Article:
How To Move a Log Cabin

By Staff
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Ed Hills' 1954 600 Ford pulled the cabin without a problem. Tim Weniger watches for clearance problems while turning.
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The cabin was placed on a cement pad, reroofed, and windows and doors were added, as well as a front porch. Note the squirrel in the upper window.
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Treasurer Ed Hills (middle) has some help from the younger members as Nick Hills (left) and Ryan Ingalls (right) help him build the forms for the cement pad.

64958 M-43 Highway, Bangor, Michigan 49013

Early risers on a Sunday morning last spring may have had to
wipe the sleep from their eyes a second time as they glanced out
their windows into the fog and spotted a log cabin moving down the
middle of their road! On closer inspection, they would have also
seen Michigan Flywheelers Museum Treasurer Ed Hills on his 1954 600
Ford pulling the cabin and members of the Flywheelers following
closely behind.

While members of engine and tractor clubs often get involved in
rather strange projects, moving this cabin from Ed’s home on
62nd Street to the Flywheelers property on 68th Street near South
Haven has been one of the more interesting. The Michigan
Flywheelers Museum is a 501c3 non-profit organization of volunteers
dedicated to the restoration and preservation of antique tractors
and engines. They host one of the largest antique engine and
tractor shows in the state every September after Labor Day.

The fun began with members planning out how to move the
cabin.

Plan One began that fall with plans to apply for a Sunday
morning moving permit, wait for the roads to get frozen, a cold
winter weekend day and a nice layer of snow. Then chain the cabin
to a tractor and drag it over to the property which was about five
miles away. Problem was it never got cold or snowy enough to do
this.

Plan Two developed that spring as several of the guys were over
at vice president Larry Weniger’s garage building trailers to
use during the show. Pretty soon the conversation turned into a
planning session as different ideas were tossed around on how to
move the log cabin. An I-beam that Larry was planning on installing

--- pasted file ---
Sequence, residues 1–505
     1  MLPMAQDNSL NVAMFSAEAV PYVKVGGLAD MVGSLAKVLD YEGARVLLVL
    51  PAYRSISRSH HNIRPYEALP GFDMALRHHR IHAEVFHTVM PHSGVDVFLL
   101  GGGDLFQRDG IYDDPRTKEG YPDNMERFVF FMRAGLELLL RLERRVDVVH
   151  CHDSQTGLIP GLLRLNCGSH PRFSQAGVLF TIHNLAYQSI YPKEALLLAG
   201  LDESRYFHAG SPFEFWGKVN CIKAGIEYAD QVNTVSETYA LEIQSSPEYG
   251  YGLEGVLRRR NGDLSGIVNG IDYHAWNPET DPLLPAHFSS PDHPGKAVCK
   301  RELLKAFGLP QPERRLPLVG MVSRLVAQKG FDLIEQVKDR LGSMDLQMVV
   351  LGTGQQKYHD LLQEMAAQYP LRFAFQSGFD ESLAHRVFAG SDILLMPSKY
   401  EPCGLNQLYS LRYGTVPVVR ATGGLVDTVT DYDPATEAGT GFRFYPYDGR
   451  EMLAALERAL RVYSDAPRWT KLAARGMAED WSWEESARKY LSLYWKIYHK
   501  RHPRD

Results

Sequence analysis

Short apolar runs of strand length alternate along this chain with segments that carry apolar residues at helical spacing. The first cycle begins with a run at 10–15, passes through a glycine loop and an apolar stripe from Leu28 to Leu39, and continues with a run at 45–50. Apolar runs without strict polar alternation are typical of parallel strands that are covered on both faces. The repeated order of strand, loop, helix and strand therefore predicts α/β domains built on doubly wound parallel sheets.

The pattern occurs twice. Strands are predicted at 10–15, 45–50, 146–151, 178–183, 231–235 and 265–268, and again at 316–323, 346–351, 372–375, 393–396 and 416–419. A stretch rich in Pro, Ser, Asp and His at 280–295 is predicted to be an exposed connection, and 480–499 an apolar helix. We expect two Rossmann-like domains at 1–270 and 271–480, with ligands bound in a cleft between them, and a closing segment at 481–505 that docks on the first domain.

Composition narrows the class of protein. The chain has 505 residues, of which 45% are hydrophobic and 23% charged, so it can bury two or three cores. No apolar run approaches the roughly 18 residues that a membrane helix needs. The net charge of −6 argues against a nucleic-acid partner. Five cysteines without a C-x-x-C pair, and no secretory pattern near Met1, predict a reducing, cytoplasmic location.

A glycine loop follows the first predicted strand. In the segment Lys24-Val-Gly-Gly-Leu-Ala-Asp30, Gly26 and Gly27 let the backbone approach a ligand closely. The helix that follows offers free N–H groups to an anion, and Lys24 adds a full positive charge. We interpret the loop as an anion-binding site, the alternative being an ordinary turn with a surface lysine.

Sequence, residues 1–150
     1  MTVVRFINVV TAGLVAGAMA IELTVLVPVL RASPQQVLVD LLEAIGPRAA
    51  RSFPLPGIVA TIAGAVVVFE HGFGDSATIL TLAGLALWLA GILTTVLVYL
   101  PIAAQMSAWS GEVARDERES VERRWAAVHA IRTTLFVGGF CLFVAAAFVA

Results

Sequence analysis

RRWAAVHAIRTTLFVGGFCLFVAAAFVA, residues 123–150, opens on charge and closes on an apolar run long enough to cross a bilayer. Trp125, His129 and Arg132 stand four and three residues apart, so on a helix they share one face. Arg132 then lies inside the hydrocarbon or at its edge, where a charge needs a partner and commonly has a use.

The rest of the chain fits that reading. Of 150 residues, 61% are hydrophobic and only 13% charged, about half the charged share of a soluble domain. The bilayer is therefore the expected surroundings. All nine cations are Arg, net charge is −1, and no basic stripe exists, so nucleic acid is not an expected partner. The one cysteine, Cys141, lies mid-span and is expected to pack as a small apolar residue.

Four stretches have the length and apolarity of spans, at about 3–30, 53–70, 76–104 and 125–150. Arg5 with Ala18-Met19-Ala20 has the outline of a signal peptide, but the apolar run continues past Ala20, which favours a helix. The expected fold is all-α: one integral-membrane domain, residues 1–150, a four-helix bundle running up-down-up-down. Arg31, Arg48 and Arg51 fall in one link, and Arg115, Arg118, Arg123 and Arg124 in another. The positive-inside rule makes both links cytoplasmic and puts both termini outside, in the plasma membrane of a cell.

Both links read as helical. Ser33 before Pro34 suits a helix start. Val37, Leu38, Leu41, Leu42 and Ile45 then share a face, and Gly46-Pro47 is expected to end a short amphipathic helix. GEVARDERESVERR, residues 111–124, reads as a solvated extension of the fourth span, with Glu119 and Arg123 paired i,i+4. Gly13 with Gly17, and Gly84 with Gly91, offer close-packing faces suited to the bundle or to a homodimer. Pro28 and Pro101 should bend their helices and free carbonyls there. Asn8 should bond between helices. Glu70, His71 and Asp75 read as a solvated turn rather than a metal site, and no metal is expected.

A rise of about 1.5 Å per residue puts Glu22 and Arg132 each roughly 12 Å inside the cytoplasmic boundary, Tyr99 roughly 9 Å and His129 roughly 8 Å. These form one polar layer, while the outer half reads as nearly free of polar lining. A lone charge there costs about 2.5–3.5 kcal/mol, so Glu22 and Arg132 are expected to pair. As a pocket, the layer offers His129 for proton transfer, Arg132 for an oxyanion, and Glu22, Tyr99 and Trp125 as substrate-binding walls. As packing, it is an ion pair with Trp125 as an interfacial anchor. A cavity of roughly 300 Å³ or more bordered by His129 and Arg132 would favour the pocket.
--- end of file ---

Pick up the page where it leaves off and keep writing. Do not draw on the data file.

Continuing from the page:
under his house soon became the focus of the second plan. The beam,
plus axles and wheels, were then hauled over to Ed’s house. The
beam was slid under the cabin which had been sitting on top of
jacks all winter ready to be moved. Axles and wheels were hastily
bolted on and presto- the cabin was ready to go! ‘Course by
now, the guys were pretty proud of themselves and their bright
ideas. The next challenge was to see if the tractor could actually
pull it. Calls were hastily made to other members for help, and the
move was scheduled for the next day which happened to be Sunday.
Could this actually work? The final test would come with the next
daybreak!

When morning dawned, it was misty and damp with a slight chill
in the air. As members gathered, coffee and muffins were offered to
all along with much speculation on what problems might occur when
the move started. Soon everyone was ready to go. At 6:15 a.m., Ed
hooked up his Ford and slowly started to pull the cabin to the
road. As everyone held their breath and crossed their fingers, the
cabin teetered from side to side as it began to slowly move. It
reached the road without incident and the move was on! Then the
scrambling began as everyone hurried to their assigned tasks.
Several drove their cars ahead to block off intersections from
oncoming vehicles. Two members used some extra long poles that they
had built, to hold up any low hanging telephone lines and tree
limbs. The procession was followed by others who just wanted to be
part of this interesting adventure. And of course, the entire move
was videotaped.

Ed’s tractor pulled the cabin down the hazy roads like a
champ. Being that it was really early, not one car was encountered
the entire trip. The I-beam held up, no lines or limbs were hit and
soon Ed was turning into the Flywheelers’ driveway, cabin and
procession following close behind.

As you can see from the picture, everything went quite well. An
area was cleared for the cabin and a cement pad was poured for the
floor. Windows, flower boxes and a door were installed. It was
reroofed and a front porch was added. The logs still need to be
chinked yet but that will be another experience scheduled for the
coming summer months!

The log cabin is currently being used for a gift shop and will
be open for visitors during our fall show. This year’s dates
are Thursday, September 7 through Sunday, September 10. Featured
tractors and engines are any that are red, white or blue. Musical
entertainment, tractor related games, auctions, pulls, parades and
working demonstrations are just part of the events scheduled for
the four day old fashioned fun-filled show. For more information,
contact the Michigan Flywheelers Museum at 616-639-2010 or email at
michiganflywheelers@yahoo.com. Visit our web site at
www.community.mlive.com/cc/michiganflywheelers for a schedule of
events.

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